Lifting a home requires some mechanical power in the form of a jack. Jacks use the principle of mechanical advantage to increase lifting power. when lifting a home, hydraulic bottle jacks are most commonly used, although screw jacks are also used. The number and size of the jacks is dependent on the size and configuration of the home.
Lifting a Corner
If only a portion of the house has settled, a single jack might be enough. A 12-ton hydraulic bottle jack placed on a set of beams and lifting against a beam run perpendicular to the floor joists should raise a corner or side of a house. Work slowly and lift only 1/8 inch per day to prevent cracks to drywall or plaster.
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Whole House Lifts
Lifting an entire square or rectangular house requires at least four jacks. Houses of other shapes or larger homes may require more jacks. Place beams under the house perpendicular to the floor joists. Place another set of beams under these. Jacks at each end of these beams lift the house. Movers may use larger jacks but four 12-ton bottle jacks should lift most homes.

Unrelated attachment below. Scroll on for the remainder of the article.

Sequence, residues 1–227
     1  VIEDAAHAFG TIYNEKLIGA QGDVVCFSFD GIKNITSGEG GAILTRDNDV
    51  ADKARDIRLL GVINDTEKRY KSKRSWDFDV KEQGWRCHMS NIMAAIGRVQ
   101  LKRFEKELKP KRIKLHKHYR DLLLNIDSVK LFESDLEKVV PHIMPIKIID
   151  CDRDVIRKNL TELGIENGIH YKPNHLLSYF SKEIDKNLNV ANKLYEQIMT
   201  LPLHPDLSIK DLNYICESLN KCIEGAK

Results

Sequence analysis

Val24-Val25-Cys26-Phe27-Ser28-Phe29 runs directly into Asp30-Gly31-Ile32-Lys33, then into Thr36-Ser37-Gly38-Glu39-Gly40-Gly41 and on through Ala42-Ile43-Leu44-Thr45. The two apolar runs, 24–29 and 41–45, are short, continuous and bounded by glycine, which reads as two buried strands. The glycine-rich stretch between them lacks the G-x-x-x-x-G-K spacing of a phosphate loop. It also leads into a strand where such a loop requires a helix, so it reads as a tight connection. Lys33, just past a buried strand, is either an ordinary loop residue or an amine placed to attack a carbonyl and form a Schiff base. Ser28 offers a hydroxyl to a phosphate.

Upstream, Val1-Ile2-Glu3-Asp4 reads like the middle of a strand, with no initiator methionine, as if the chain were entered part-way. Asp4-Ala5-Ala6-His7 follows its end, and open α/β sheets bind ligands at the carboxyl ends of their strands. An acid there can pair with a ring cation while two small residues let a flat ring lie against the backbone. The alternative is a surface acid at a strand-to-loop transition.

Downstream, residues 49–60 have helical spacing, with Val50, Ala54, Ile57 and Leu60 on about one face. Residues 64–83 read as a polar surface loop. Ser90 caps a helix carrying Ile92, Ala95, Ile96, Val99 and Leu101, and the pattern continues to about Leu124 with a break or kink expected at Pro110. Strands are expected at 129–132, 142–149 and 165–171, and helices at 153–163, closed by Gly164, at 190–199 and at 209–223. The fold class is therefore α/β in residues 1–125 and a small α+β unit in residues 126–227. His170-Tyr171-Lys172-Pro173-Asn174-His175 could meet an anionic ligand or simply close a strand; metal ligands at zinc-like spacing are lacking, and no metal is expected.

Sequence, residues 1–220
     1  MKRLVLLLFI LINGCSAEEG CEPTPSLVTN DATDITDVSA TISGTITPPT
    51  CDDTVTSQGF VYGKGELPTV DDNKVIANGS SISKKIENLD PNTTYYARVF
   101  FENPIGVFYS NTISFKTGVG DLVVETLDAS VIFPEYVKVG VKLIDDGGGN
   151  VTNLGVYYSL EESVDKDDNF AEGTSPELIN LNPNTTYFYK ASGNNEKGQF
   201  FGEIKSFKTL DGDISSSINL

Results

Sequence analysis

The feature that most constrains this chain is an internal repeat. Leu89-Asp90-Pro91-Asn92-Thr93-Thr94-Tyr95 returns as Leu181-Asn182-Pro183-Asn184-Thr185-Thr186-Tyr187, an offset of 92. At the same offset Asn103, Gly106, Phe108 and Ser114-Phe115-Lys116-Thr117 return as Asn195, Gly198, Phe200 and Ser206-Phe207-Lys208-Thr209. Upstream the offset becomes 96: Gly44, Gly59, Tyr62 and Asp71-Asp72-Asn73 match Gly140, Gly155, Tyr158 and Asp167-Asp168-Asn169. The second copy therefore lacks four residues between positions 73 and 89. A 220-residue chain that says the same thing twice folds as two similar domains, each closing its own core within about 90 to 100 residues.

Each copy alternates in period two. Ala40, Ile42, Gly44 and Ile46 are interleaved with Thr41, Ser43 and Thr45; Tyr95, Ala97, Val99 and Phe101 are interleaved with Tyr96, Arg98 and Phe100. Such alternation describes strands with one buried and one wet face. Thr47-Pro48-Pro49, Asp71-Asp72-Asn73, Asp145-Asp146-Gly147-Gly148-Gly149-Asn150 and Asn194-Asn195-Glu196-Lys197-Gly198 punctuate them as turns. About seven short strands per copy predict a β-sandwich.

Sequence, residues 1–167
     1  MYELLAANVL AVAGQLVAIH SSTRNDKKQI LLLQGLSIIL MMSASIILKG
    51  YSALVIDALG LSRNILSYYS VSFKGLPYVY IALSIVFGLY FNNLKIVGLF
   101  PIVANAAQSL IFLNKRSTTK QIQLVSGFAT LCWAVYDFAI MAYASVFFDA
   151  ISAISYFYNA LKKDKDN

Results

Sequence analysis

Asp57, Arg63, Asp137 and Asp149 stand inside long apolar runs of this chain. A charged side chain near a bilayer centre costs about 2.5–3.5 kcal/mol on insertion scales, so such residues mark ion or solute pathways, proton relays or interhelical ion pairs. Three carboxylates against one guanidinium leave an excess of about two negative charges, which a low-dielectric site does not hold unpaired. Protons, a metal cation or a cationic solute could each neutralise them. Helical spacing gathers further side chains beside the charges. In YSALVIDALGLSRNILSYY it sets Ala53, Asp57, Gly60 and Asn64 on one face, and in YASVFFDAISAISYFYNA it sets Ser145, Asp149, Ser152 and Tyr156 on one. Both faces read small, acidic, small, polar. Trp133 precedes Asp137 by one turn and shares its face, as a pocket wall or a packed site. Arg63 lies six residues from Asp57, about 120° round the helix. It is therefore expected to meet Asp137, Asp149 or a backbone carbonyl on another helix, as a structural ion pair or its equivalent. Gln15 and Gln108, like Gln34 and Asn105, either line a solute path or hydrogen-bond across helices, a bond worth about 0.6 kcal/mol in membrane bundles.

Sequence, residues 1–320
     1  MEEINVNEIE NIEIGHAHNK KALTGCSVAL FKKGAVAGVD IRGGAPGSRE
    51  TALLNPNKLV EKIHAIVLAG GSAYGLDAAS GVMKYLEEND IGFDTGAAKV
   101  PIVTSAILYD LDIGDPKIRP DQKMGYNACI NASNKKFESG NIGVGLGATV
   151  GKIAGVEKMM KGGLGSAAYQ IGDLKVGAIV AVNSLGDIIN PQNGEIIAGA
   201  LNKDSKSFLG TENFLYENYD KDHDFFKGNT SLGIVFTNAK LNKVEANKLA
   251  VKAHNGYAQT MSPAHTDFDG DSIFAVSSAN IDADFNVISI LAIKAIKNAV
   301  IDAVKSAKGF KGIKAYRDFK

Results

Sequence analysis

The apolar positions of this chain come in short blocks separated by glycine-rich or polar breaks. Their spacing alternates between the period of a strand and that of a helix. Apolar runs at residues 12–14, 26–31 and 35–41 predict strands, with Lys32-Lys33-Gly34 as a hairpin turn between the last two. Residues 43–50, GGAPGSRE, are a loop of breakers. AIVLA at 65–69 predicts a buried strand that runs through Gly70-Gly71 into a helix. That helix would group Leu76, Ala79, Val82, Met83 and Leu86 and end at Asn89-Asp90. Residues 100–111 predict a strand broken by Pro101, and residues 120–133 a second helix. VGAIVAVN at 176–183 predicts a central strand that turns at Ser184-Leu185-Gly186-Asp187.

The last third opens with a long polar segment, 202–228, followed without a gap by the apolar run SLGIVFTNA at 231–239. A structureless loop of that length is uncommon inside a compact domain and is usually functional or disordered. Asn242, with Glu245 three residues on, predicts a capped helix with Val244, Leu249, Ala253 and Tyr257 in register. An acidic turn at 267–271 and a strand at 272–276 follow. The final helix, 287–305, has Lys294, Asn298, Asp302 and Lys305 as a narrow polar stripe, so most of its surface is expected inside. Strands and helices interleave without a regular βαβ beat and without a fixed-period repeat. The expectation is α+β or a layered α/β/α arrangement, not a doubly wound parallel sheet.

Building a Support
Bottle jacks stand about 1 foot tall and extend less than that. Often a support structure is required. Place two 4-by-4 or 6-by-6-inch beams parallel to each other about 24 inches apart. Place two more beams perpendicular to the first on top of the ends of the first beams. Continue alternating the beams until reaching the necessary height. This is called a crib. Raise the house slightly above the planned elevation with the jack and build the crib to the correct height.
Support posts with screw jacks built in are called lally columns. After a house is lifted to its new elevation the lally is placed as permanent support, if necessary, and the screws adjusted to the proper height. Place the lally so it supports a beam that runs under multiple floor joists to support a larger portion of the home. The base of the lally should rest on a portion of the foundation of the home.